Dan Langille | 11 Jan 13:47 2011

BSDCan 2011 - call for papers - reminder

A reminder about BSDCan 2011; the deadline is 19 January 2011.

BSDCan 2011 will be held 13-14 May, 2011 in Ottawa at the University of
Ottawa. It will be preceded by two days of tutorials on 11-12 May.

NOTE: This will be Fri/Sat with tutorials on Wed/Thu.

We are now accepting proposals for talks.

The talks should be designed with a very strong technical content bias.
Proposals of a business development or marketing nature are not
appropriate for this venue.

If you are doing something interesting with a BSD operating system,
please submit a proposal. Whether you are developing a very complex
system using BSD as the foundation, or helping others and have a story
to tell about how BSD played a role, we want to hear about your
experience.  People using BSD as a platform for research are also
encouraged to submit a proposal. Possible topics include:

* How we manage a giant installation with respect to handling spam.
* and/or sysadmin.
* and/or networking.

 From the BSDCan website, the Archives section will allow you to review
the wide variety of past BSDCan presentations as further examples.

Both users and developers are encouraged to share their experiences.

The schedule is:
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Hubert Feyrer | 11 Jan 19:37 2011
Picon

NYCBSDCon 2010 Final (fwd)


Nice!

  - Hubert

---------- Forwarded message ----------
Date: Tue, 11 Jan 2011 11:08:29 -0500
From: George Rosamond <george <at> ceetonetechnology.com>
To: NYCBUG Admin <admin <at> nycbug.org>
Subject: NYCBSDCon 2010 Final

Spread the word . . .

The organizers of NYCBSDCon 2010 are proud to announce the final closing of the 
books for the November conference at Cooper Union.

The profits are being evenly distributed among the four BSD projects--DragonFly 
BSD, FreeBSD, NetBSD and OpenBSD--with each check totaling $3600.  Most of the 
projects have already received their checks.

This is an enormous accomplishment for an open source conference, and signifies 
the commitment of the broad range of organizers from the New York City *BSD 
User Group and beyond.

The conference, the fourth one held since 2005, attracted a wide array of 
attendees, in addition to generous sponsors including About.com, New York 
Internet, Isilon Systems, Marvell and iXsystems.

The fiscal backing of BSD Fund, a 501(c)(3) organization, provided accounting 
transparency to the conference.
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Matthew Mondor | 14 Jan 06:51 2011
Picon

NetBSD's reliability [Was: raidframe in netbsd-5?]

On Thu, 13 Jan 2011 12:06:12 -0500
Greg Troxel <gdt <at> ir.bbn.com> wrote:

> And a hat tip to releng <at> ; it's really impressive that this is the first
> time in probably 6 years when I was not comfortable to just "update
> along stable branch and reboot, no worries", and even this is very minor
> and apparently an odd case.  I'll go read the diff when I have a chance.

I concur, the stability and reliability of NetBSD (other than its
versatility) is a major reason I've kept with it, and there are some
systems which are still running which I upgraded from source regularily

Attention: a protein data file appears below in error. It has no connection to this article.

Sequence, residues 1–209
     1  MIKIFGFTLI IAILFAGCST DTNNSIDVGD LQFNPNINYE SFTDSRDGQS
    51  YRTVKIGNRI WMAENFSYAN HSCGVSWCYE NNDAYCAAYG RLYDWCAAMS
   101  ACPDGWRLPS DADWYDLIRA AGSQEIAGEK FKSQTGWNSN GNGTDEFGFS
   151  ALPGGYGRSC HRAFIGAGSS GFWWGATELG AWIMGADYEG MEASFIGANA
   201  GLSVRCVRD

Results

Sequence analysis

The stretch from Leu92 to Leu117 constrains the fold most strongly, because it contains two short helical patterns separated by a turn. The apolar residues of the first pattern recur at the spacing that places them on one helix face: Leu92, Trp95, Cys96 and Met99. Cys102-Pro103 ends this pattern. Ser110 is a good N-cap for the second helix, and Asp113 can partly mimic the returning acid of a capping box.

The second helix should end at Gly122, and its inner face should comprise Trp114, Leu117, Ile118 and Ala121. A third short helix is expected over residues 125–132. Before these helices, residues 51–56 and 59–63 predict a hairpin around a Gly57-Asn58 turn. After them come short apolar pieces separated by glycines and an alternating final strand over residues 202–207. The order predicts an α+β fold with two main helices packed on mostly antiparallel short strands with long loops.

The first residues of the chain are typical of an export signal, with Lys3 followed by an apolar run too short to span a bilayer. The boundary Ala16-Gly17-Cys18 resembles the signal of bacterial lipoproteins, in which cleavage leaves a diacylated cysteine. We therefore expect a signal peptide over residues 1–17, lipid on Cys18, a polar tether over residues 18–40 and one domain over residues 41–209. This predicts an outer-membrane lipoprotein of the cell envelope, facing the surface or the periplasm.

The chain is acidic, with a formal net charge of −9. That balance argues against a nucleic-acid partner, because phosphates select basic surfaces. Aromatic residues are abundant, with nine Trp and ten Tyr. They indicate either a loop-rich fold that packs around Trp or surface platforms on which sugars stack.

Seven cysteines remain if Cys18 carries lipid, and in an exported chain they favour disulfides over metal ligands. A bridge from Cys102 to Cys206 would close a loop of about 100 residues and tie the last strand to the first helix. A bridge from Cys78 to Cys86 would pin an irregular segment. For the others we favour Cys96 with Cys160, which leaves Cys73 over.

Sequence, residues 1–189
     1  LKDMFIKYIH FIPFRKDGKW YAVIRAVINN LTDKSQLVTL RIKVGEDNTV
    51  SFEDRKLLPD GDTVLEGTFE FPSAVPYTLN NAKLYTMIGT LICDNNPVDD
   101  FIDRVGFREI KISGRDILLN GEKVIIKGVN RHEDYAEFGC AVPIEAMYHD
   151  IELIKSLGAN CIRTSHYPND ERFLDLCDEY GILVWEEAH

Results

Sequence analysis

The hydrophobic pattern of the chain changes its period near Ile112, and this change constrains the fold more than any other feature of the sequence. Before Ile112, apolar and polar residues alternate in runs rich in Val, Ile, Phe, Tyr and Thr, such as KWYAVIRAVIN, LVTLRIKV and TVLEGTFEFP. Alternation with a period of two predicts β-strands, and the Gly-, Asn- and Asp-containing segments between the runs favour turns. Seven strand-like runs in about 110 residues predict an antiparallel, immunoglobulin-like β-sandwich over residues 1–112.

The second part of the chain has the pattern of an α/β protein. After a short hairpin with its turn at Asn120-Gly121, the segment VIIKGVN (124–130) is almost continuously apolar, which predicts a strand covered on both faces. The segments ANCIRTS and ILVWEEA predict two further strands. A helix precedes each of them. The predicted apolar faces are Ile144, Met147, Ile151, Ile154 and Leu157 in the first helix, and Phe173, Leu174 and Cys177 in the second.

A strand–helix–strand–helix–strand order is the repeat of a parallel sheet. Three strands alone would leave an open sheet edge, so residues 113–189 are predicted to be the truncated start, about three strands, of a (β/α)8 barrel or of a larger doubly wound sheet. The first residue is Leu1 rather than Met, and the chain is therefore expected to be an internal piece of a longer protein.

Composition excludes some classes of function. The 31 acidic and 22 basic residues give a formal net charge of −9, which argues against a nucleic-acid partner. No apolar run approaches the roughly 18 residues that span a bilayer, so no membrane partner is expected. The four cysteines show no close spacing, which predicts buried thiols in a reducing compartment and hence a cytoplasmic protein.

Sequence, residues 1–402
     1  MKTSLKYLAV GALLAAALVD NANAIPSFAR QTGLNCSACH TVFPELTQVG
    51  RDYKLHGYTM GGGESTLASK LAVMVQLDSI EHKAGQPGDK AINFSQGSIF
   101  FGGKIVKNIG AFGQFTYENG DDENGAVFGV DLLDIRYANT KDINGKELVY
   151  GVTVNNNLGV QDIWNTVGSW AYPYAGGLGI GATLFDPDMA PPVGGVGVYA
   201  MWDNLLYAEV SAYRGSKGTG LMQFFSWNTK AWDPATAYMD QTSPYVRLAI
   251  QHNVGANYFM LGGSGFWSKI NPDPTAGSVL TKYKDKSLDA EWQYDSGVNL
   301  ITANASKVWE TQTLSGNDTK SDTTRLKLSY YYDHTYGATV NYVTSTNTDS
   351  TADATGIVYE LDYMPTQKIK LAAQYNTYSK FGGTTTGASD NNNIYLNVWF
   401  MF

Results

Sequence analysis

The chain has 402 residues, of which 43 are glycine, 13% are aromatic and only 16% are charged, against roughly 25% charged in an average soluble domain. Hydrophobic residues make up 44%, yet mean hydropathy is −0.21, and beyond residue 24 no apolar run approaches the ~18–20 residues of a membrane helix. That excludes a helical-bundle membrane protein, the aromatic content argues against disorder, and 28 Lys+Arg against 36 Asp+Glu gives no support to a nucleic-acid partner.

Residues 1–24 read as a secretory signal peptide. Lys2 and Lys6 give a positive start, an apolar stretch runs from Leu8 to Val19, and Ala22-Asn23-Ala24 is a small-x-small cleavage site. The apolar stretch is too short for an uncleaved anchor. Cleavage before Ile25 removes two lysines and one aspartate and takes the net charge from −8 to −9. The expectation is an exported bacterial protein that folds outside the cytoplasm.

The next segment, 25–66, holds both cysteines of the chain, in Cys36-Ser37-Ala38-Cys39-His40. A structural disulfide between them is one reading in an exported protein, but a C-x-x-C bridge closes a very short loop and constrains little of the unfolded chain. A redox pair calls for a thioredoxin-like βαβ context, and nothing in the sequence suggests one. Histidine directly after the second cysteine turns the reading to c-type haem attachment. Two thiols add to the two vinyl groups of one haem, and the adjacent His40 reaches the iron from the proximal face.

over the years, two of them old enough to have started with NetBSD 1.6,
most of them now tracking the netbsd-5 branch and now running NetBSD
5.1_STABLE.

Most of those systems have been upgraded remotely via SSH using NFS or
a copy of the re-built source tree (built using a dedicated host),
after testing the procedure on a local box running the same NetBSD
version.  I've also often moved the software/data around to new
hardware instead of reinstalling, for systems I have physical access
to.  The binary compatibility for older releases also served me well
until the packaged and custom software could also be upgraded or
rebuilt, and for booting+testing kernels before userland upgrades.

Since I started using NetBSD (in the 1.5 days, comming from Linux and
exploring alternatives) I could say that I've seen very few upgrade
glinches; off the top of my head I can now remember three, one related
to a cgd configuration bug, one a postinstall script bug missing a pf
related group, and a PAM and /etc/login.conf related problem, which
have been promptly fixed.
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Magnus Eriksson | 25 Jan 06:25 2011

Re: NetBSD's reliability

On Fri, 14 Jan 2011, Matthew Mondor wrote:

> (I hope you don't mind me CCing netbsd-advocacy :)

Whatever works to get some traffic on the -advocacy list.  It could use 
some stirring up so it doesn't freeze solid.  :-)

But it's funny; I haven't kept up with recent developments at all for the 
last year or so, and only a few days ago started browsing the mailing list 
archives to see what has happened lately.  What surprised me was seeing 
several people, and at least two new-to-me users saying the same thing: 
"NetBSD is so stable and nice, thanks guys".

Not something I remember happening a lot previously.  Of course, it could 
be from my "compressed" reading that it stood out this time...

It's still as quiet as ever on this list though, so the next person who 
says anything like that will be nudged to forward or cc: here too.

> I concur, the stability and reliability of NetBSD (other than its
> versatility) is a major reason I've kept with it, and there are some
> systems which are still running which I upgraded from source regularily
> over the years, two of them old enough to have started with NetBSD 1.6,
> most of them now tracking the netbsd-5 branch and now running NetBSD
> 5.1_STABLE.

Can I say "me too"?  Even right down to the bit about starting with 1.6 
and being on netbsd-5 now; actually on the system I'm typing this on.

The only real, severe, issues I have had have been with USB in the past -- 
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Gmane